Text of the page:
wrong somewhere. It has already been pointed out in the 1 
Delusion of S^i-per-Production that production, -per se, is not { 
at fault; that misdirected effort and faulty distribution f 
have far more to answer for, and that faulty distribution is I 
inherent in our industrial and financial system as it stan(^s, I 
and will not be cured by increased industrial production | 
under the wagre system as we know it. 

The difficulty has its root in a fundamentally wrong 
conception of industry which, based on a flagrant defiance of 
the principles of the conservation of energy accepted in prac- 
tically every other sphere of knowledge as axiomatic, is 
reflected in finance. Finance states that "production " is the 
object of existence, and effort expended thus is profit -per se ; 
the physics and mechanics of industry prove quite simply that 
production is a charge against existence — a necessary charge 
— Hut one to be reduced by increased efficiency to the 


narrowest limits. (This argument has nothing whatever to 
do with the alleged moral effect of industry.) 

To realise this divorce between the facts of industrial 
process and the fiction of industrial accounting, consider a 
simple case such as the conversion of a bar of steel into, 
let us say, a screwed bolt. The steel bar enters the factory 
at a price we may call " A " ; wages to the value of " B " are 
expended on it, and a proportion of the general factory and 
administration charges, which we may call " C," are allocated 
against it. 

Its " factory cost " thus becomes A + B + C. A sum " D " 
is expended in selling it, and a profit " E " has to be made on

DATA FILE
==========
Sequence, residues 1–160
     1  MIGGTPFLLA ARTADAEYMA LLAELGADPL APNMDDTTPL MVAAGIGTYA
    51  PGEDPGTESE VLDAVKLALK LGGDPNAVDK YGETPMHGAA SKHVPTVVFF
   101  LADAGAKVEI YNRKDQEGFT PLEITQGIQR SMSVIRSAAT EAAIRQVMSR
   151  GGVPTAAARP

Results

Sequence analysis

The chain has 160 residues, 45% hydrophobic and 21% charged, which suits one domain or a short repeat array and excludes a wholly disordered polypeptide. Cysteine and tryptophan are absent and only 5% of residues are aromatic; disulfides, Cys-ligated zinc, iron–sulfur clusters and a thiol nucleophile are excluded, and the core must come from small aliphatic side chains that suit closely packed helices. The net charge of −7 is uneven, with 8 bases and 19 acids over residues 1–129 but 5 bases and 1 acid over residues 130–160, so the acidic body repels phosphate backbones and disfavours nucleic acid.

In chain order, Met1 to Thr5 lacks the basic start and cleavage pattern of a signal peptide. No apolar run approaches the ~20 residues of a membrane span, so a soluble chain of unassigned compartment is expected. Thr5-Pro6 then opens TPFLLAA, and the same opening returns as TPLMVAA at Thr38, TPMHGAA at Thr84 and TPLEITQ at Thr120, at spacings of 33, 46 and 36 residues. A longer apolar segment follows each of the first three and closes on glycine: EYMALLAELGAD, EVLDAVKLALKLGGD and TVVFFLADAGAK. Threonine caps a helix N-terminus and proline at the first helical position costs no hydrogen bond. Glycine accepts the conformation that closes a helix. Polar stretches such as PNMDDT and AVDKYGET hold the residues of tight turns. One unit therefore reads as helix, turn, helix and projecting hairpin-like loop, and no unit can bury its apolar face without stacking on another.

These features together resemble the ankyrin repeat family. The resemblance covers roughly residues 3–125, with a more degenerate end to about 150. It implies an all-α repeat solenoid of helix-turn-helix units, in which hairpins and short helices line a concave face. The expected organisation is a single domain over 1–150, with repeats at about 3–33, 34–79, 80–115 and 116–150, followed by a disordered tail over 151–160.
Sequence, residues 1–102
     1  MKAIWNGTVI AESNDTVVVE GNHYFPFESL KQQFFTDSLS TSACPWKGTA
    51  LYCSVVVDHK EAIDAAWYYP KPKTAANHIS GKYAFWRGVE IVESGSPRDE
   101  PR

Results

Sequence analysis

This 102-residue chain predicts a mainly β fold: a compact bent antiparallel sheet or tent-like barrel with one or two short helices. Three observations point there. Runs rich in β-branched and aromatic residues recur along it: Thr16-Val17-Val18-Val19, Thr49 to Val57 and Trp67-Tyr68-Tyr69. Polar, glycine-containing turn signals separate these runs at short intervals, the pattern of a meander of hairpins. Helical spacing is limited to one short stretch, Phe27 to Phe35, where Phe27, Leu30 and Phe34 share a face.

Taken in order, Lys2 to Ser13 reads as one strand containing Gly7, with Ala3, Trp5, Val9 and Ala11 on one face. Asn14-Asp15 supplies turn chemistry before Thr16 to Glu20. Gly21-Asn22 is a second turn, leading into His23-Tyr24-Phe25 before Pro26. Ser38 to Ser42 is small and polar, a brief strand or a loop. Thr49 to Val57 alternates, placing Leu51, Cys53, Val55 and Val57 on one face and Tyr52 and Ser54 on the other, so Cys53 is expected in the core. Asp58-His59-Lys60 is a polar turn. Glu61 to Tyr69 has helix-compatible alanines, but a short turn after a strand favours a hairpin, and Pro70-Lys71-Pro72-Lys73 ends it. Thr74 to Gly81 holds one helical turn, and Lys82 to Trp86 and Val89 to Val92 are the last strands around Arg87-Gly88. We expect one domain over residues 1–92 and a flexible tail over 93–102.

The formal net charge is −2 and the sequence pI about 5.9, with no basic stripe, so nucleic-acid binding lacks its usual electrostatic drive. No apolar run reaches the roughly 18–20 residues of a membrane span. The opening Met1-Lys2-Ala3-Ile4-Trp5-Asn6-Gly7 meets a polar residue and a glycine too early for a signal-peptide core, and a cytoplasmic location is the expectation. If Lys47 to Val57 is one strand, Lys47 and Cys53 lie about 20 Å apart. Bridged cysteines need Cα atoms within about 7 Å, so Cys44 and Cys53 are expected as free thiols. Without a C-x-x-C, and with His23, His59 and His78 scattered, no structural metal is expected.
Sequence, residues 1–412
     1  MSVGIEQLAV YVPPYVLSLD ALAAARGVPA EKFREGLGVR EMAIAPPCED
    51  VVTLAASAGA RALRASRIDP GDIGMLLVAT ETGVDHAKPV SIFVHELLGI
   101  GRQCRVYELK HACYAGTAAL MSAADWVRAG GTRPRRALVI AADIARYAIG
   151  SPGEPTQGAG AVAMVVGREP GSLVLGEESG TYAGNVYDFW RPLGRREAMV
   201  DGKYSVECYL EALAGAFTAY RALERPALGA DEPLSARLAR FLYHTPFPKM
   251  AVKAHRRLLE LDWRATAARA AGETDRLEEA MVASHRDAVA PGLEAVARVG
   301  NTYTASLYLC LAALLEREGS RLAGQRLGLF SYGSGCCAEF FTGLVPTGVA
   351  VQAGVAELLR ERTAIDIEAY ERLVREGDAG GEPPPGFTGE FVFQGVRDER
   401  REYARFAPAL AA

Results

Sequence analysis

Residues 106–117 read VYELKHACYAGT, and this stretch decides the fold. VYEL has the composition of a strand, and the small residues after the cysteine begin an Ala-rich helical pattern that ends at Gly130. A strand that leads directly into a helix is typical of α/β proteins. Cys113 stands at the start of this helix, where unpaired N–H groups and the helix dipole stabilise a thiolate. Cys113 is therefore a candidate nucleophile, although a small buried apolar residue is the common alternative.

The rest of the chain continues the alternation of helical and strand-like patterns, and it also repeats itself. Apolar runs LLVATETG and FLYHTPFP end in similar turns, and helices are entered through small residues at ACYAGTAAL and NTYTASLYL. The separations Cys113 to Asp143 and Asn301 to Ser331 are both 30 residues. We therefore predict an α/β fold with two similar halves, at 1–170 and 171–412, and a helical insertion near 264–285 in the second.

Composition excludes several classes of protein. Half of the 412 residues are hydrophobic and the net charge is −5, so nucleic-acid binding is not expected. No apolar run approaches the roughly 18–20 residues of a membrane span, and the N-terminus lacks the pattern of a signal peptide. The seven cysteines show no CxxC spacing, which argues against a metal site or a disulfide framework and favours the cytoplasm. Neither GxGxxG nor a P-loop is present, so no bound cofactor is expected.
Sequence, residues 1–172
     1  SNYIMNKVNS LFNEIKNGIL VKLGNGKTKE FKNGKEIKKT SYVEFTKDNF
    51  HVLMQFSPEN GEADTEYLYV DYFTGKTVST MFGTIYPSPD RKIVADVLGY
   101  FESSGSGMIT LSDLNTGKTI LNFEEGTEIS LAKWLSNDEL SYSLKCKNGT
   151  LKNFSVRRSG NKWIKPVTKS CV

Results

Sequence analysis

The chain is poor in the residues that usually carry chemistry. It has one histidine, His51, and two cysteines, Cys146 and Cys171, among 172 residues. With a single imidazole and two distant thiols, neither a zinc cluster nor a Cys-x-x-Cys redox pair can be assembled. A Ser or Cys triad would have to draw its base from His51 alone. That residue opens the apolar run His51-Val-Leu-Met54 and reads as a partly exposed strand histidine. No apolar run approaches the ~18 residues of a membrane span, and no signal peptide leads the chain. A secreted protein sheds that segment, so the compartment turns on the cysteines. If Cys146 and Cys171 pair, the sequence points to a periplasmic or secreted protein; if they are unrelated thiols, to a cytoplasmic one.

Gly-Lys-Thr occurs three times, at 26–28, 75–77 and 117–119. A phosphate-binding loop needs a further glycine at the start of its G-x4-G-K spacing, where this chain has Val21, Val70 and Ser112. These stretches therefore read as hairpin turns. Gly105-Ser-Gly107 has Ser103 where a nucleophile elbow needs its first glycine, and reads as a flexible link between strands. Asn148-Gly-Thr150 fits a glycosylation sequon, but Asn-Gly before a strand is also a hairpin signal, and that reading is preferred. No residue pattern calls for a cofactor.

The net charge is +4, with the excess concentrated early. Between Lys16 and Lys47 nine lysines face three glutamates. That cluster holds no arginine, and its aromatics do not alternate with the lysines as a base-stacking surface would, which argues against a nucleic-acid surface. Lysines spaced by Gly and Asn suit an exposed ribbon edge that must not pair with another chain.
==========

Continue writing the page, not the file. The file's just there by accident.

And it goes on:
the process, its price thus becoming A + B' + C + D + E. Now 
consider this process simply as a bill of quantities. We begin 
with "A"; a certain amount of "A" is deteriorated into 
shavings. The labour expended under " B " represents food 
eaten, clothes worn, houses built. " C " represents more 
human effort, electric or other power used (coal burnt), lubri- 
cant used, tools worn, and other indirect charges, while " D " 
and " E " represent more effort in units of a varying standard 
of value. The only thing actually left is "A" minus its 
shavings; and the actual measurable units of energy, very 
empirically indicated by " B," ;' C," " D," and "E," have 
been dissipated into forms in which they are not available for 
human use, and are the cost to the community of the trans- 
formation of "A" into a bolt, and, therefore, should be 
expressed as -B-C-D-E. The value depends entirely 
on the bolt's use, and is almost purely psychological. 

If it be contended that the bolt can be exchanged for 
bread, the answer is that such an exchange will not affect the 
units of energy required to make bread unless the bolt is 
used to increase the efRciency of bread-making. 

The financial process just discussed, therefore, clearly 
attaches a concrete money value to an abstract quality not 
proven, and as this money value must be represented some- 
where by currencv in the broadest sense, it forms a continuous 
and increasing diluent to the purchasing value of effort. 

Now, it has already Keen emphasised that at the moment 
economic questions are of paramount importance, because the 
economic svstem is the great weapon of the will-to-power. It 
will be obvious that if the economic problem could be reduced 
to a position of minor importance — in other words, if the 
productive power of machinery could be made effective in